CSS Optimization Basics ends with a list of key ideas. From acknowledging that we don’t always write perfectly efficient and maintainable and understandable code to leading by example.
There are problems with AMP. My recommendations: Avoid AMP; or use it, exclusively, on the most relevant pages; or go all-in, for AMP-only.
When we type down CSS like we’ve done 20 years ago, and when we work with ever more abstractions, what does that mean for our craft?
Video, slides, and resources for my talk at beyond tellerrand in Düsseldorf.
My latest little book, covering mindsets needed for writing effective style sheets, optimization options during operation and for production, and useful resources to aid and inform the work with CSS. (Pay what you want.)
When we think of user focus we easily think of usability tests, following a usually strong wish to produce something that’s actually useful. For us as web developers, focus on the user has a tendency to appear distant though…
Adam Wathan wrote one of the most interesting web development articles I’ve read in the last few months: CSS Utility Classes and “Separation of Concerns.” At least until “Phase 3” there’s much to learn about current web development…
We know that there’s excessive declaration repetition in the Web’s style sheets, that each declaration is on average repeated 2–3 times, often needlessly. We know that this repetition is a little less bad on tech sites…
“The first thing to be required of a man is, that he understand well his own calling, or profession; and, be you in what state of life you may, to acquire this knowledge ought to be your first and greatest care.”
We should be protective of our greatest possession—our values.
The result of reviewing, normalizing, rephrasing, sorting, and testing 134 responses to a maintainability survey that yielded more than 500 data points, to form a new guide, a new and more definite guide to web maintainability.
Anecdote. When I was working at Google, shortly after I had made one of my first bigger contributions, I experienced one of my more memorable performance reviews. You’ll never guess what happened next.
“Consciously or unconsciously, the reader is dissatisfied with being told only what is not; he wishes to be told what is.”
When Google introduced Material Design back in 2014, I was happy; I was happy for the team and I was happy for Google to mark another milestone on the long way of improving the aesthetics of their products. But, I was also concerned.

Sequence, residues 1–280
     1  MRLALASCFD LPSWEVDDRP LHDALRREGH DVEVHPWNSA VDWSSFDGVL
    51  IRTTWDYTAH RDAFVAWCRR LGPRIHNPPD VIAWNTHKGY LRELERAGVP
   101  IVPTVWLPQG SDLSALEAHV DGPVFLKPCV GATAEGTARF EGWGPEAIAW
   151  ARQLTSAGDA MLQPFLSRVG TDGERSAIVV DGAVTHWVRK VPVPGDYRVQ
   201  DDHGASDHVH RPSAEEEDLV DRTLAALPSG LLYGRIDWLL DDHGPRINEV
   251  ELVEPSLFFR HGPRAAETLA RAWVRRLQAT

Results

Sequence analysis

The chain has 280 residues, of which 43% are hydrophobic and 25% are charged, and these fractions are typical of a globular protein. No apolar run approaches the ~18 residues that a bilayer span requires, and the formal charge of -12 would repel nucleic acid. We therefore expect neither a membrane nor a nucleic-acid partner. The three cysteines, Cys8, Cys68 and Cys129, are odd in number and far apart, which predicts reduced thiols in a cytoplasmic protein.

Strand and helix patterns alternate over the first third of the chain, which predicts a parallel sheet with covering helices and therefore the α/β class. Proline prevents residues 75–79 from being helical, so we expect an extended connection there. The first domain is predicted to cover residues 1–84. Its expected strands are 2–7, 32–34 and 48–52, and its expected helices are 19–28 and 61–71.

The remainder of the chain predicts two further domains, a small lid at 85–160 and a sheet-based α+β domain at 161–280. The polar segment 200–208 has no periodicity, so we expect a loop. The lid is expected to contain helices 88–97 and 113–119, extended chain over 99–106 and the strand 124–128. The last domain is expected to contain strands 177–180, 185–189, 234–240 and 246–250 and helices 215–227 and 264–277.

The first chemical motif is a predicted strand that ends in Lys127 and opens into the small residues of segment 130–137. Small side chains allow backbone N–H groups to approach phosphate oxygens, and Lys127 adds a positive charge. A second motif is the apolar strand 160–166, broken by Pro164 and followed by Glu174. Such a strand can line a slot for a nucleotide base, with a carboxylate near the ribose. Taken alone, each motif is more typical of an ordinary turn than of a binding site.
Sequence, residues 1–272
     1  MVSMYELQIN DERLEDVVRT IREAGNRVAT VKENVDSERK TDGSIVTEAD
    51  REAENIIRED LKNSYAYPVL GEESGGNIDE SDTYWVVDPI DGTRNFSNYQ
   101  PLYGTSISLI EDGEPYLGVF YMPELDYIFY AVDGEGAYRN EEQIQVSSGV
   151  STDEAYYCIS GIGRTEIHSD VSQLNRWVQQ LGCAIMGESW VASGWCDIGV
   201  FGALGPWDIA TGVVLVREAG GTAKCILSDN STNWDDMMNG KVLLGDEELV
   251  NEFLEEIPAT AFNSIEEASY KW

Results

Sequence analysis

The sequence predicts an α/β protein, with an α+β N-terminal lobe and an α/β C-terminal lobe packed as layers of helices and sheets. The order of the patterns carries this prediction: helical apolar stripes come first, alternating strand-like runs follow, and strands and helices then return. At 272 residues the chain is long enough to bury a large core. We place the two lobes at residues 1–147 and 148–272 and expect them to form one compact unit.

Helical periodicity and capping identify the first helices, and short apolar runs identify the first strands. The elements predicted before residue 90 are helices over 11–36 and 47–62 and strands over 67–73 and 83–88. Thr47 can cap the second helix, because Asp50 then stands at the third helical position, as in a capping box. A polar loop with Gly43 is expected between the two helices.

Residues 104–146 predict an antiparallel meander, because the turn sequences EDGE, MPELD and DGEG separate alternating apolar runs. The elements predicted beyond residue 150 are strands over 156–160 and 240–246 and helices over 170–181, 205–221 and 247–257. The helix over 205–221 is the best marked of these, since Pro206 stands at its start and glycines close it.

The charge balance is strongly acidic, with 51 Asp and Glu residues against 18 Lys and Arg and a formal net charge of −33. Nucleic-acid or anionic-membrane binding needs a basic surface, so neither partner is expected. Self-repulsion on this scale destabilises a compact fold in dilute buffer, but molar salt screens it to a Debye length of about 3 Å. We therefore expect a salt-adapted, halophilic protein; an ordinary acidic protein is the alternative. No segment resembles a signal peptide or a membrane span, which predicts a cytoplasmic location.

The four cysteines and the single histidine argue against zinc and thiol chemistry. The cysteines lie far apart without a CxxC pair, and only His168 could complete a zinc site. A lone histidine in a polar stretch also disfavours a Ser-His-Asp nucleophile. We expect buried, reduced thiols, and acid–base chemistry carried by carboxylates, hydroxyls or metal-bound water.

Automation is critical for work efficiency and productivity. Everything helps.
Extremes can be useful. In practice they help get the maximum out of a given approach, and in theory they can show what we’re headed to. Compare two ways of writing CSS—like Tachyons or Atomic CSS, and 2000’s idealistic engineering.
Humans are social. Cooperation got us where we are. There are several ways to get to know new people, and, in relationships, to leave them. A few thoughts.
On some days, if you asked me about what we know, with absolute certainty, I’d respond with “only that something exists.” And if you asked me what that meant, then I’d add “to appreciate and work with what exists.”
A story of venturing into an entirely different genre.
I believe that privacy, which has never been about “hiding something,” is a fundamental civil right, one that is but must not be infringed on; so I once more played with randomizing personal web traffic.
As web developers we have decisions to make and our decisions depend on a few variables. Two that have become much more important over the years are the one of code for research or production, and the one of web site or app…
Excitement about a success story.
From my upcoming book on CSS optimization: Selector performance is not something to optimize for as the price we pay for it is, indeed, terrible: We micro-manage our work for gains that aren’t even noticeable.
Thoughts on thinking outside the box, in tech, with examples ranging from selector performance to a general development vision, to illustrate how very different issues can all reach beyond their perimeter.
We’ve talked a lot about declarations as declarations are at the heart of our work with direct consequences for the quality of our style sheets. We’ve not talked much about selectors, though, and that may be a mistake.
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- Becker, Kraig
- bij de Weg, Henk
- Fung, Kaiser
- Heilmann, Christian
- Krugman, Paul
- Manson, Mark
- Martin, Robert C.
- Meyer, Eric A.
- Schneier, Bruce
- Sterling, Bruce
Perhaps my most interesting book: 100 Things I Learned as an Everyday Adventurer (2013). During my time in the States I started trying everything. Everything. Then I noticed that wasn’t only fun, it also brought many benefits.